elie-wieselElie Wiesel Memorial House: Now a small museum, the childhood home of well-known writer, Nobel Prize winner, and Holocaust survivor, Elie Wiesel, is found in the larger city of Sighetu Marmației. The museum tells the story both of Wiesel’s family and of the Jewish community in Sighet. The city and surrounding area were home to up to 40,000 Jews before World War II. Nearly the entire Jewish population was deported over the course of just three days in 1944, shipped off to concentration camps. Many of them died in the camps, while many of the survivors later emigrated to Israel.

Museum Monument to the Victims of Communism and to the Resistance

Memorial to the Victims of Communism and to the Resistance: Also in Sighetu Marmației, this extensive museum tells the story of Romania’s communist regime, from its origins to its fall, and everything in between. Housed in a former maximum-security prison that once held the intellectual enemies of the regime, one section focuses on the networks of prisons, work camps, and secret police that the regime used to punish and control the population. While the displays are in Romanian, free binders are available with English descriptions of each room. The museum is interesting and very educational. A complete visit could take several hours, with a lot of reading. For history buffs and anyone interested in this darker chapter of Romanian history, it is well worth a visit.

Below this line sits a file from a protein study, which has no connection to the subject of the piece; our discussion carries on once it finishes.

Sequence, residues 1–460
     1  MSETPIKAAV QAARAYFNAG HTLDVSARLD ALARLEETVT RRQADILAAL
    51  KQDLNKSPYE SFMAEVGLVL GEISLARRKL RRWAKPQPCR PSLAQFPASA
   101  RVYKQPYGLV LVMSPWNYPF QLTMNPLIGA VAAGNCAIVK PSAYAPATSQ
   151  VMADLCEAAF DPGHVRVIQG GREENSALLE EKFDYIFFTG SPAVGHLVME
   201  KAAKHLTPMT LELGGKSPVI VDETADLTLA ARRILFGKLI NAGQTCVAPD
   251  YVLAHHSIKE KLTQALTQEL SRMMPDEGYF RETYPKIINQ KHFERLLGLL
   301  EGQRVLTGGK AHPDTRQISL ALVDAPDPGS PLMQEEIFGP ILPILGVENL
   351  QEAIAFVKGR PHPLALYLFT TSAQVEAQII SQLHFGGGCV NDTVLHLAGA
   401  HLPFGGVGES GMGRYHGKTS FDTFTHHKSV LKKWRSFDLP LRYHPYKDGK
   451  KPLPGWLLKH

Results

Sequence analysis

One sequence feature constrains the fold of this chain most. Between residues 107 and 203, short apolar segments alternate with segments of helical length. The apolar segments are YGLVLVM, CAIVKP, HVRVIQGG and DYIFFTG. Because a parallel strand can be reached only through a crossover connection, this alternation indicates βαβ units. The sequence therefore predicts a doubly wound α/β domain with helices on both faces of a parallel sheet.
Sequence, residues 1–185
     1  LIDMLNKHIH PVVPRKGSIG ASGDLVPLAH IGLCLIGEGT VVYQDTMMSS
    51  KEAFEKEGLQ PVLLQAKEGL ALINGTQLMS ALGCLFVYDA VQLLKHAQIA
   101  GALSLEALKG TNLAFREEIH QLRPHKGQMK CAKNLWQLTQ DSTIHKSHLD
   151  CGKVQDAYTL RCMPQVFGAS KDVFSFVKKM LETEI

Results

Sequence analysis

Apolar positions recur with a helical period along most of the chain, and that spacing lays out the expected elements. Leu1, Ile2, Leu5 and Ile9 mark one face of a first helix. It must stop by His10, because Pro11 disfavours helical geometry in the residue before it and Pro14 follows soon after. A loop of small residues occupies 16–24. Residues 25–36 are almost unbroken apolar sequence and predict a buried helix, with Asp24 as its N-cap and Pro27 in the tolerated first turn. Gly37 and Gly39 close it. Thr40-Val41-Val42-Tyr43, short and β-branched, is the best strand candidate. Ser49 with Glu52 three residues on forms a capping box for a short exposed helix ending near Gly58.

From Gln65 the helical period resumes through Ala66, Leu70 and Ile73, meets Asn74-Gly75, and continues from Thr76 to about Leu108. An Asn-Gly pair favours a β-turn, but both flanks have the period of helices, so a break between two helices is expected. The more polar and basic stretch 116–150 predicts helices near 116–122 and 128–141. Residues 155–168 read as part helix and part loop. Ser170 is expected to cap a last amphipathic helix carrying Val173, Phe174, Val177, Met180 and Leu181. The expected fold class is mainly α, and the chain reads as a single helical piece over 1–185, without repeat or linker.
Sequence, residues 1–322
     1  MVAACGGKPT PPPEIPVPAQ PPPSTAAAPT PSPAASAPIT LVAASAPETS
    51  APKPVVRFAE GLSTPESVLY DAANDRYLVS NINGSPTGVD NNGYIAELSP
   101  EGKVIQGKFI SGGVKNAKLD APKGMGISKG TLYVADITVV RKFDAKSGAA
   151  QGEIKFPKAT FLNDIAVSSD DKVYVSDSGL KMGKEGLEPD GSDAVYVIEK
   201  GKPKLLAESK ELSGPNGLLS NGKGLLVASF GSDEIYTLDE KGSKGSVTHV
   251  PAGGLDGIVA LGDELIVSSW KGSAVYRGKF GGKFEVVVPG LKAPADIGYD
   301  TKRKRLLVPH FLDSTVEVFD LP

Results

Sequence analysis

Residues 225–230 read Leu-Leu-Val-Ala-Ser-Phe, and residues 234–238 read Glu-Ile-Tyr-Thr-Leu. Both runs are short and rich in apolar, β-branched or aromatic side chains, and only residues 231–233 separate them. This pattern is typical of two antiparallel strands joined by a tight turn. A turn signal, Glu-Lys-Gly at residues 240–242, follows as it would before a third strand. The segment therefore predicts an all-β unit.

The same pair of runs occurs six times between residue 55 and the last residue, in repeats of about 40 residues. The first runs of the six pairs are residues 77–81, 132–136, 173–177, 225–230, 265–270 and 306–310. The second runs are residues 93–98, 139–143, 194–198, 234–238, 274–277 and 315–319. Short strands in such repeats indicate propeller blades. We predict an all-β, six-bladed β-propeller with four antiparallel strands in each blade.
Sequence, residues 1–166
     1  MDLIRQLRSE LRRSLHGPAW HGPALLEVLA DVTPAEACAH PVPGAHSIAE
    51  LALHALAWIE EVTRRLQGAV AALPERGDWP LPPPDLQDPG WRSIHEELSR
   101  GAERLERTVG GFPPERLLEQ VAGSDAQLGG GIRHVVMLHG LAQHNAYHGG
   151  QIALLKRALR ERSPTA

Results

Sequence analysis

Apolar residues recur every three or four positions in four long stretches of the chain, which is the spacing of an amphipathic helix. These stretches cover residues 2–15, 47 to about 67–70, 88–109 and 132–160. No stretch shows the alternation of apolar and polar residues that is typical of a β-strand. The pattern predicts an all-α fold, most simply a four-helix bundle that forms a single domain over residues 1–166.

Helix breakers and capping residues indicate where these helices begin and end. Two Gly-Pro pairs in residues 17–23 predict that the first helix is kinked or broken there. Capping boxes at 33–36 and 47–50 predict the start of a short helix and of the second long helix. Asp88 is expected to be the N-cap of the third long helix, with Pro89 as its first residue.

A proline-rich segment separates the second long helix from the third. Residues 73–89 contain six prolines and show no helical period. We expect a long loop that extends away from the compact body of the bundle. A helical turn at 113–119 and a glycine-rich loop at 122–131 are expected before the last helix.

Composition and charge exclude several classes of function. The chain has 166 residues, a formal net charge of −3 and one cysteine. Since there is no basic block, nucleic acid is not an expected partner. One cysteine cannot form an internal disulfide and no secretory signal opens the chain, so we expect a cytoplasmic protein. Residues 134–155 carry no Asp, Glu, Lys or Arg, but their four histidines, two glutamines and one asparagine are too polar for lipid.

Bridge to the UkraineUkrainian border crossing: Sighetu Marmației sits right on the Tisla River, Romania’s northern border with Ukraine. For E.U., U.S., and many other citizens, it is possible to enter Ukraine without a visa. You can simply walk across the bridge (many locals do this too as it’s faster than taking a car), walk to the front of the line, and take care of a quick passport control. Returning to Romania is equally easy. The dusty town of Solotvyno is about a five minute walk from the other side. There were a couple churches, both closed, and a few places for a bite to eat or a drink if you want to take out some local currency from the ATM. It’s not really an exciting destination, but an interesting opportunity to visit a new country nevertheless.